Salinger published his landmark novel The Catcher in the Rye in 1951. It became a defining novel for teen angst.
Before [the book] people went through their teenage years with no sense it was a particular kind of identity. It is the first novel of the modern teenage years, Dr. Sarah Graham, a lecturer from the University of Leicester, told the BBC last year.
Since its publication, the book has sold over 65 million copies. It is on the list of Time's 100 best English-language novels from 1923 to the present.
The Catcher in the Rye features the 17-year-old protagonist Holden Caulfield. It chronicles his return to New York after being expelled from his college preparatory school. Holden struggles with his disconnect with phony society throughout the novel.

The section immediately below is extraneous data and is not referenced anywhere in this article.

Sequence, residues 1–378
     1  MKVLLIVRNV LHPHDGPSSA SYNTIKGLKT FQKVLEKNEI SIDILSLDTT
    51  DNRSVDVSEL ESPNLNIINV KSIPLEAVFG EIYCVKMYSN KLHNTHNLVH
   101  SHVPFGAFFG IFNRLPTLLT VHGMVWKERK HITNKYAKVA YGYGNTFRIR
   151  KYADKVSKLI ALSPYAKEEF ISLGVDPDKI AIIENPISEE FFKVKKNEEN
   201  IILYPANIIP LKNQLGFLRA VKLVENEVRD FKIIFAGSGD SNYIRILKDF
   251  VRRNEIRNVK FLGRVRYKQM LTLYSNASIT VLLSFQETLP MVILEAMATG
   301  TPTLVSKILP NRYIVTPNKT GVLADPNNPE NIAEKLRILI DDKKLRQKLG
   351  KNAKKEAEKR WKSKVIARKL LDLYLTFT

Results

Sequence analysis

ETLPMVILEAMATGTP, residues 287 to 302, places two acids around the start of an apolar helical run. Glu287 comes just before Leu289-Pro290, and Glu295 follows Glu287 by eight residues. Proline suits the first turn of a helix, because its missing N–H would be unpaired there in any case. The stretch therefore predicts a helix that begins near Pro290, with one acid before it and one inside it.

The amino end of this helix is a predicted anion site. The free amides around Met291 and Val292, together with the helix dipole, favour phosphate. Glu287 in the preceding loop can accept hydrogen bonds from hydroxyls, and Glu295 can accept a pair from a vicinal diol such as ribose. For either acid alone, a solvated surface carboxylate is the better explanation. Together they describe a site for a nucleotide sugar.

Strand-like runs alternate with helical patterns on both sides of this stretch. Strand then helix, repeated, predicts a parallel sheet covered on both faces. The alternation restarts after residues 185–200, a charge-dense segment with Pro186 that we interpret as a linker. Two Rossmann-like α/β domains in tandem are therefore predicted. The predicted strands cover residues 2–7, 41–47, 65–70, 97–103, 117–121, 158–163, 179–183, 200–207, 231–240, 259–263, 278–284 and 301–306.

He reveals to his little sister that he wants to be the catcher in the rye, a role that allows him to protect children.
He imagines children playing in a field of rye, and whenever children run towards edge of the field toward a cliff, he would catch them. The cliff is a metaphor for the evils of the adult world that he wants to protect children from.
In 1953, Salinger moved to Cornish, New Hampshire, and became increasingly reclusive as his fame grew. He married Claire Douglas in 1955 and had two children, Margaret in 1955 and Matthew in 1960.